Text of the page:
This Election Day, eight states have marijuana legalization and decriminalization referenda on their ballots, making it very possible that the number of states in which the recreational consumption of marijuana is legal could double after November 8th. This development has, in some respects, normalized the conversation surrounding the use of “soft drugs” like cannabis and mescaline.

But…why stop there? What about decriminalizing and legalizing hard drugs like crack, cocaine, heroin, methamphetamine, etc.?

Whenever I ask this question, I am inevitably met with blank, incredulous stares. Sometimes I even get angry exclamations returned in my direction. “Are you saying that you think it is a good idea to decriminalize, not to mention legalize, the use, sale, and distribution of drugs that can, and actually do, kill people?!”

My answer is always the same: Yes… and it would likely save more lives than the War on Drugs could ever hope to save.

Drugs are killing people in droves, despite the best efforts of Congress and the DEA.

Since 1970, in the United States, the rate of unintentional drug overdose deaths has increased from approximately 1.2 deaths per 100,000 people in 1970 to 6.2 deaths per 100,000 people in 2000 up to 14.7 deaths per 100,000 people in 2014. In 2014 alone, fatal drug overdoses killed more people (46,471 persons) in the United States than car accidents (35,369) or firearms (33,636).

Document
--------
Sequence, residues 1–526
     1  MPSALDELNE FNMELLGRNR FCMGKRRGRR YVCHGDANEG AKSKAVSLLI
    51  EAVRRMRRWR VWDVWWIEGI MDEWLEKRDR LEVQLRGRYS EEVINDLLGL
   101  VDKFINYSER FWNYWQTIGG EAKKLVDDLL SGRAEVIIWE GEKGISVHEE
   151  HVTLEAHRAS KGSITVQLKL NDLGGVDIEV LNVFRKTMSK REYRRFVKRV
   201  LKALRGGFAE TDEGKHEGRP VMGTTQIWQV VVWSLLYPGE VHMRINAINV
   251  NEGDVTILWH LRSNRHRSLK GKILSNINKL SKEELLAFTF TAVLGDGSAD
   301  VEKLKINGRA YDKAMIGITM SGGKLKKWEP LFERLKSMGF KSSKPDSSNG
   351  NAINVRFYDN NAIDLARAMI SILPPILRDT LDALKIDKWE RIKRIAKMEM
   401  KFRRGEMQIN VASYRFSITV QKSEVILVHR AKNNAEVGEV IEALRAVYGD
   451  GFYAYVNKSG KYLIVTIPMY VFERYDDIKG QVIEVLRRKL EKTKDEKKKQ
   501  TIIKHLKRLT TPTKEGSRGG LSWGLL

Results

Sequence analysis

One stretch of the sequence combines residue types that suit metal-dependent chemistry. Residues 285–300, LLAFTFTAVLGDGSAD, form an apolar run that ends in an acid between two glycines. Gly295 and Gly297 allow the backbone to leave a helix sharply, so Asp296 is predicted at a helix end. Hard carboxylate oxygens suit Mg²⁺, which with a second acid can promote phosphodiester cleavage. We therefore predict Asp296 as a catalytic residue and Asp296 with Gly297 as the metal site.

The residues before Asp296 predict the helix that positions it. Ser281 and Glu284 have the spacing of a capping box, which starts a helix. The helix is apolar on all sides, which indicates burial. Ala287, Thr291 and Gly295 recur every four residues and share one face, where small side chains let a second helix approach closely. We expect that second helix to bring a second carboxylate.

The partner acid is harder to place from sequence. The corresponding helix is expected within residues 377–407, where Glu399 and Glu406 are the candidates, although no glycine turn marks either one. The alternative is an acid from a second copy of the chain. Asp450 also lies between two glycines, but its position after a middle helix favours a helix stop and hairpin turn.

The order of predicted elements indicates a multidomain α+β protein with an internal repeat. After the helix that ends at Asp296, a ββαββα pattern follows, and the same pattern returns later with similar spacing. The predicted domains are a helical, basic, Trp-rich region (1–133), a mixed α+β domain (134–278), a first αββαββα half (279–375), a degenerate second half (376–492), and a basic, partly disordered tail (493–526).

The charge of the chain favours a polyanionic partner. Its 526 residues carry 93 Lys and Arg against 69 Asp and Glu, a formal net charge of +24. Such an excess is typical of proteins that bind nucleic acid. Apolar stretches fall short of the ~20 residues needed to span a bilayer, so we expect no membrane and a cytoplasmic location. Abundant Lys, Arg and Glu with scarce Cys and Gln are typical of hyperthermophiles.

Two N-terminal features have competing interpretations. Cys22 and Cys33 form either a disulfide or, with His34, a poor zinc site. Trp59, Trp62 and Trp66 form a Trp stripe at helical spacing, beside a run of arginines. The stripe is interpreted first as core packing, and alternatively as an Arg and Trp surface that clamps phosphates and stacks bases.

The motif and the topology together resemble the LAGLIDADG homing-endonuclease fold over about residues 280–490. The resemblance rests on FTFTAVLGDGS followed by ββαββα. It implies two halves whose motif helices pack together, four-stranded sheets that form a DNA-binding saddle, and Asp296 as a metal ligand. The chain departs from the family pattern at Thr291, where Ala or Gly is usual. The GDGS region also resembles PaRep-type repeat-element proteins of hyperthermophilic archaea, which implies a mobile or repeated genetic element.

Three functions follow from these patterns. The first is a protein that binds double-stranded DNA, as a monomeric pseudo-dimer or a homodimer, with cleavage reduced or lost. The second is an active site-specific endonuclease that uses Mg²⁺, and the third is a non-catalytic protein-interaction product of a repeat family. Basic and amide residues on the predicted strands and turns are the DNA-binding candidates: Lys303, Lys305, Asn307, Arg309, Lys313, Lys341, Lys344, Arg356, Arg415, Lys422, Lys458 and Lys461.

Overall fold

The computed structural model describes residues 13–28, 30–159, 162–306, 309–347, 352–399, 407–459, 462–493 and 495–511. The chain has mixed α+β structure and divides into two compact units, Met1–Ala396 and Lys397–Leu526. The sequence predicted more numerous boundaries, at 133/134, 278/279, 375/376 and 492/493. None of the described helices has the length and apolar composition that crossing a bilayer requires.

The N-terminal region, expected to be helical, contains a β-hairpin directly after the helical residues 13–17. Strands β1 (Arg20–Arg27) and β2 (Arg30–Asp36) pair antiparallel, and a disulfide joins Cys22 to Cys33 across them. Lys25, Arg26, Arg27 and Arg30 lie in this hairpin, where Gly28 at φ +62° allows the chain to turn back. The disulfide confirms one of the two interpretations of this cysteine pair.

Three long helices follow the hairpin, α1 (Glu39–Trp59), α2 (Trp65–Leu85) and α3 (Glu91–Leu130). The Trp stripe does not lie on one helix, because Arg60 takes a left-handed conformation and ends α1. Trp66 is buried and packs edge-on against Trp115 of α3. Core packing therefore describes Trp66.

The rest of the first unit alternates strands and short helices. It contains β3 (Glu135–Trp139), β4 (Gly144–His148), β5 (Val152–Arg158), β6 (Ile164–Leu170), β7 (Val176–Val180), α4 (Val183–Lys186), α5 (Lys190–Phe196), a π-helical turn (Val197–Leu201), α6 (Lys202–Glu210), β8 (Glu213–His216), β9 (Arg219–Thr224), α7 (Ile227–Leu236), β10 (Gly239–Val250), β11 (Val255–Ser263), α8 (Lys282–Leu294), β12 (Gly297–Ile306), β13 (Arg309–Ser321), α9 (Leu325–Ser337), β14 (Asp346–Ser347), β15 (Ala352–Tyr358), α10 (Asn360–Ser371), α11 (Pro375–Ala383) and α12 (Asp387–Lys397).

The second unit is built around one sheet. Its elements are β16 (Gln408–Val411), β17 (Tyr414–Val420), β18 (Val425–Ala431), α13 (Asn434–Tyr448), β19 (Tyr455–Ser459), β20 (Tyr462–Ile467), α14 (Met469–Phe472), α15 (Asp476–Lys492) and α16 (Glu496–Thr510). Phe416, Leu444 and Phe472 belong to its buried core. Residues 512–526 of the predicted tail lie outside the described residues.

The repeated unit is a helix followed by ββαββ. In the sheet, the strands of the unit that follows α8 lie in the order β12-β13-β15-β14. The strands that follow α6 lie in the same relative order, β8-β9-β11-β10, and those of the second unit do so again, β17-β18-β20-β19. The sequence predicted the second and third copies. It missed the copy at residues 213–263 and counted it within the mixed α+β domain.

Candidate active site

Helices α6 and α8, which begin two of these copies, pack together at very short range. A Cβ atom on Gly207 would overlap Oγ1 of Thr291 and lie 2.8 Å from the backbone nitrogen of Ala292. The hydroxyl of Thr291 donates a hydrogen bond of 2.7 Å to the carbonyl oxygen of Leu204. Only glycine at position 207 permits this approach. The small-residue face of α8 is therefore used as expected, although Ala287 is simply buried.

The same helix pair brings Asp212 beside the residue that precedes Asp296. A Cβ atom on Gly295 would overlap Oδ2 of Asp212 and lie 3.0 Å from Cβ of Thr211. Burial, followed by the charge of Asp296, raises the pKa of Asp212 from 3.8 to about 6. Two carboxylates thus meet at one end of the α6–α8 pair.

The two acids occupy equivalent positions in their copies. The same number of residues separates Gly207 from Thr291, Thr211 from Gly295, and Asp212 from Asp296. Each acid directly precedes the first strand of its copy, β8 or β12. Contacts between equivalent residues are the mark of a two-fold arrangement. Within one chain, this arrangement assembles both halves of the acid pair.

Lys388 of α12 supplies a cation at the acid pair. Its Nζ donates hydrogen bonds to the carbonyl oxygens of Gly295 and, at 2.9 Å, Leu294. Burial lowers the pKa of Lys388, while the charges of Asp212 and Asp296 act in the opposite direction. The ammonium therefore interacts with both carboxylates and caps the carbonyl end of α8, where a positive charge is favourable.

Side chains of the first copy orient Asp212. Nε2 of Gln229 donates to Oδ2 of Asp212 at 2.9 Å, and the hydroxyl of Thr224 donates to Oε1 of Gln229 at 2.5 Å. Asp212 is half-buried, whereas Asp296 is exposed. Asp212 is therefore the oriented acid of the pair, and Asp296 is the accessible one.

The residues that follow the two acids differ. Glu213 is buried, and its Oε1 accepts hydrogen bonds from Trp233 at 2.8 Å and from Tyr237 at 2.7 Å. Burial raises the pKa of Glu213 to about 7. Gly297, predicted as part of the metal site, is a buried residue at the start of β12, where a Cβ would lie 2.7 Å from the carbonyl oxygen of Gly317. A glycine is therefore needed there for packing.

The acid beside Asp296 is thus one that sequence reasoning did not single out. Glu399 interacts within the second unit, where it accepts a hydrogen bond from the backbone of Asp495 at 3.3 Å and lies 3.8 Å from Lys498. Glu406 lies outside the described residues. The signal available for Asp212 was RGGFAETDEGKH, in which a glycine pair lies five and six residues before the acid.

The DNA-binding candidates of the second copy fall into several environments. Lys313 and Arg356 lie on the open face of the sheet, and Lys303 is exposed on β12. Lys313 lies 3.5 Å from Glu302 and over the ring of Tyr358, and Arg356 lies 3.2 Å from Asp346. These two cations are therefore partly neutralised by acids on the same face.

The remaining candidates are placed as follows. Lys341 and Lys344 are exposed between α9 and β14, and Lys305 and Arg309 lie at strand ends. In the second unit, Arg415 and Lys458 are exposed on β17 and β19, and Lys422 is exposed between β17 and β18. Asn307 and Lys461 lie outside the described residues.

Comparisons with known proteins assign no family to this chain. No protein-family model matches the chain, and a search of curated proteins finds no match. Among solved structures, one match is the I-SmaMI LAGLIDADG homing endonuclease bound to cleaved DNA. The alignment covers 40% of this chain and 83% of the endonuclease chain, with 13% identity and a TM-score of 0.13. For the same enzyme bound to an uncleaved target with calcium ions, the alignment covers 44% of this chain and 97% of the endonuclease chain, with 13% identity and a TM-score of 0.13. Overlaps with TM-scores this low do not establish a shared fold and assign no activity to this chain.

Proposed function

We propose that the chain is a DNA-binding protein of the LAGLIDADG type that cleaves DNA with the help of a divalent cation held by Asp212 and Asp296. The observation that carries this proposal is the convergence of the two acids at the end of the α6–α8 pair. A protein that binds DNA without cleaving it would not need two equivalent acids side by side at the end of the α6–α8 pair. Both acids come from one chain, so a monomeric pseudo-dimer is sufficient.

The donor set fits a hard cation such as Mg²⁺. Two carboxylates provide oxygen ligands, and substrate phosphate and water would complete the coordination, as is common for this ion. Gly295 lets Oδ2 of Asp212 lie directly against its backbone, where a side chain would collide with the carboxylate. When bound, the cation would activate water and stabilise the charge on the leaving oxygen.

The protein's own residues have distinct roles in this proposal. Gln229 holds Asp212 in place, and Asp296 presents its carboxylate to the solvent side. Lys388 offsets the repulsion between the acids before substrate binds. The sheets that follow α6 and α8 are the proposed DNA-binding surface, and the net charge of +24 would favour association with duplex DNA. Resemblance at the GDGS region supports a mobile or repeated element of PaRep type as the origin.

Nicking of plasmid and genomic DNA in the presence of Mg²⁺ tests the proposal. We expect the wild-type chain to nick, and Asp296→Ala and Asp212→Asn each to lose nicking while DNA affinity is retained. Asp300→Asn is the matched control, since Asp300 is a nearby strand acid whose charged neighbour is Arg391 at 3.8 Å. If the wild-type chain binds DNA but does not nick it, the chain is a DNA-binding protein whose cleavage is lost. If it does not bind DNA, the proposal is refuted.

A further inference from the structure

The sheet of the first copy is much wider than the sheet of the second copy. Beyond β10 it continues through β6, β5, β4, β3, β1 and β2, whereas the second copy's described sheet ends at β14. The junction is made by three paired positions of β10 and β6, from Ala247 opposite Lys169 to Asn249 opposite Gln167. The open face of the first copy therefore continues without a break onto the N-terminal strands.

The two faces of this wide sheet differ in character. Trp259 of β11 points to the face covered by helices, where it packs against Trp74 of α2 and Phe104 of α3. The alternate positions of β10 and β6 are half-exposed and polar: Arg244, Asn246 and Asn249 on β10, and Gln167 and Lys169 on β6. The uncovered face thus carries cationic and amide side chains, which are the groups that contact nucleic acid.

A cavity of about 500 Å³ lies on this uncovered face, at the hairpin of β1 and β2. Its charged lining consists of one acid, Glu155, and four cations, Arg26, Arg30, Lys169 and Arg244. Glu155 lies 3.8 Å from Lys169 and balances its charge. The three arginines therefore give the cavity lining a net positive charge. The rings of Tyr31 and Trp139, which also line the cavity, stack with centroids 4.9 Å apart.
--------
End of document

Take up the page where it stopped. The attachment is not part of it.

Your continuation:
Also since 1970, when the Controlled Substances Act was passed, the number of Schedule I drugs has more than doubled—increasing from 81 to nearly 175 substances. Schedule I includes drugs, such as heroin, LSD, and ecstasy, that, according to the DEA, have no accepted medical use and a high potential for abuse. Violations involving Schedule I drugs, along with Schedule II drugs, including cocaine and methamphetamine, are associated with the most stringent punishments.

These death rates and scheduling rates have risen despite the efforts of the DEA—an organization whose manpower and annual budget has increased significantly (nearly 5,000 special agents and just over $2 billion today) since it was founded in 1973 with 1,470 special agents and a budget of less than $75 million.

But what if drug deaths weren’t happening despite the DEA, but because of it? I contend that the increasing rates of unintentional drug overdose deaths are a direct consequence of the War on Drugs and that if we want to see changes in these awful trajectories, we must consider ending prohibitionist policies. Here’s why:

Drug prohibition makes drugs more potent and dangerous.